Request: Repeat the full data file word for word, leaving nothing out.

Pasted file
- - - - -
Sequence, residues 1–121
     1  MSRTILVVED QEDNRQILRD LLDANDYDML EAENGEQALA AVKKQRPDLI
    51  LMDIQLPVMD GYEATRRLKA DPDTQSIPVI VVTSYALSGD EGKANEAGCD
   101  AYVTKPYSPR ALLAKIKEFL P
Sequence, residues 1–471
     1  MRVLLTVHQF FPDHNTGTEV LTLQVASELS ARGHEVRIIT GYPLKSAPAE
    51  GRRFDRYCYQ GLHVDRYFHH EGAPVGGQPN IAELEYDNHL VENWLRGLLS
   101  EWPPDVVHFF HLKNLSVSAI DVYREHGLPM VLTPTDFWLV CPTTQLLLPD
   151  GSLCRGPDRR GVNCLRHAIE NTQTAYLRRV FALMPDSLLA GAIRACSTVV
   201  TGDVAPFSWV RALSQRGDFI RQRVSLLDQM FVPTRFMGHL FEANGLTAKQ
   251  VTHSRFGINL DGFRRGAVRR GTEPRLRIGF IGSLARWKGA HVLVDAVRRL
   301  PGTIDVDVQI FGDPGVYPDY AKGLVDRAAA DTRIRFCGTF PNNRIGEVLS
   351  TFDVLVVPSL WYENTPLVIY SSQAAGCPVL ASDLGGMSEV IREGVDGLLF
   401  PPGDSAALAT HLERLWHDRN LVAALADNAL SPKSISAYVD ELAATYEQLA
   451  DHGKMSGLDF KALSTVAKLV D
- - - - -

Sequence, residues 1–121
     1  MSRTILVVED QEDNRQILRD LLDANDYDML EAENGEQALA AVKKQRPDLI
    51  LMDIQLPVMD GYEATRRLKA DPDTQSIPVI VVTSYALSGD EGKANEAGCD
   101  AYVTKPYSPR ALLAKIKEFL P
Sequence, residues 1–471
     1  MRVLLTVHQF FPDHNTGTEV LTLQVASELS ARGHEVRIIT GYPLKSAPAE
    51  GRRFDRYCYQ GLHVDRYFHH EGAPVGGQPN IAELEYDNHL VENWLRGLLS
   101  EWPPDVVHFF HLKNLSVSAI DVYREHGLPM VLTPTDFWLV CPTTQLLLPD
   151  GSLCRGPDRR GVNCLRHAIE NTQTAYLRRV FALMPDSLLA GAIRACSTVV
   201  TGDVAPFSWV RALSQRGDFI RQRVSLLDQM FVPTRFMGHL FEANGLTAKQ
   251  VTHSRFGINL DGFRRGAVRR GTEPRLRIGF IGSLARWKGA HVLVDAVRRL
   301  PGTIDVDVQI FGDPGVYPDY AKGLVDRAAA DTRIRFCGTF PNNRIGEVLS
   351  TFDVLVVPSL WYENTPLVIY SSQAAGCPVL ASDLGGMSEV IREGVDGLLF
   401  PPGDSAALAT HLERLWHDRN LVAALADNAL SPKSISAYVD ELAATYEQLA
   451  DHGKMSGLDF KALSTVAKLV D